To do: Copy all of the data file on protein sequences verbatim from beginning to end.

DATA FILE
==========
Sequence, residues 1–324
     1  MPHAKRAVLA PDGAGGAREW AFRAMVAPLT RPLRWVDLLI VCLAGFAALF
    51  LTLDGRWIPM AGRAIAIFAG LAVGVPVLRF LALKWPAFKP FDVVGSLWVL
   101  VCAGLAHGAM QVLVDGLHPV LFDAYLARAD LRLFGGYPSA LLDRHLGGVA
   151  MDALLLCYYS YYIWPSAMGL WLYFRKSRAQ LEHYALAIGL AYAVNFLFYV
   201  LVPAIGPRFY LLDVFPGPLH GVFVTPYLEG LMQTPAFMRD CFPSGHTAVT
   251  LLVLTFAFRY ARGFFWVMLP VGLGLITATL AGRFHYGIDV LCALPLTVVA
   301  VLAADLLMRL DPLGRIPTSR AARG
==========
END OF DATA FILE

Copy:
Sequence, residues 1–324
     1  MPHAKRAVLA PDGAGGAREW AFRAMVAPLT RPLRWVDLLI VCLAGFAALF
    51  LTLDGRWIPM AGRAIAIFAG LAVGVPVLRF LALKWPAFKP FDVVGSLWVL
   101  VCAGLAHGAM QVLVDGLHPV LFDAYLARAD LRLFGGYPSA LLDRHLGGVA
   151  MDALLLCYYS YYIWPSAMGL WLYFRKSRAQ LEHYALAIGL AYAVNFLFYV
   201  LVPAIGPRFY LLDVFPGPLH GVFVTPYLEG LMQTPAFMRD CFPSGHTAVT
   251  LLVLTFAFRY ARGFFWVMLP VGLGLITATL AGRFHYGIDV LCALPLTVVA
   301  VLAADLLMRL DPLGRIPTSR AARG